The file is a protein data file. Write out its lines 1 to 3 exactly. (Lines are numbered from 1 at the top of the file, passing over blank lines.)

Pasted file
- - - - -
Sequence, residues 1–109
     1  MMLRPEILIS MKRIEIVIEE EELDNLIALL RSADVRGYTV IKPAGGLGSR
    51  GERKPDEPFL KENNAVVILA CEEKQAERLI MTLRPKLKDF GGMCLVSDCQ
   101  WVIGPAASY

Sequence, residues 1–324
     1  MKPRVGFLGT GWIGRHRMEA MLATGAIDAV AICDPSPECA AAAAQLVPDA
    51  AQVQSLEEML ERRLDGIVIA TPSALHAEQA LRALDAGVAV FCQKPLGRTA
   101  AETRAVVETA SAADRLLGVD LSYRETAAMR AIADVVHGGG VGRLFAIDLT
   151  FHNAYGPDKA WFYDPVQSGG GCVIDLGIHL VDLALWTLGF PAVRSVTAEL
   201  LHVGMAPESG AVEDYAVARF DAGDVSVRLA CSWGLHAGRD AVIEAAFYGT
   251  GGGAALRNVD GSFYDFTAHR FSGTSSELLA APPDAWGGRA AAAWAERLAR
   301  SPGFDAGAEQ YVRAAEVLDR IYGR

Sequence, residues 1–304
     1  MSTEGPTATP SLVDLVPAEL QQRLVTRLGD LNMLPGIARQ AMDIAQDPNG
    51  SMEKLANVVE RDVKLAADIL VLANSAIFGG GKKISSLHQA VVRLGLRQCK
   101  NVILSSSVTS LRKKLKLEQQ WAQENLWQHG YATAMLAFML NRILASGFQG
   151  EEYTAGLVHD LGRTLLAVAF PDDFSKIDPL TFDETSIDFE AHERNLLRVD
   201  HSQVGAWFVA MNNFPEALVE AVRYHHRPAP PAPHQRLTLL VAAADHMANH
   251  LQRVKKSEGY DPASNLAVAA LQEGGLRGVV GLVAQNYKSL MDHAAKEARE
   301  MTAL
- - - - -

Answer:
Sequence, residues 1–109
     1  MMLRPEILIS MKRIEIVIEE EELDNLIALL RSADVRGYTV IKPAGGLGSR
    51  GERKPDEPFL KENNAVVILA CEEKQAERLI MTLRPKLKDF GGMCLVSDCQ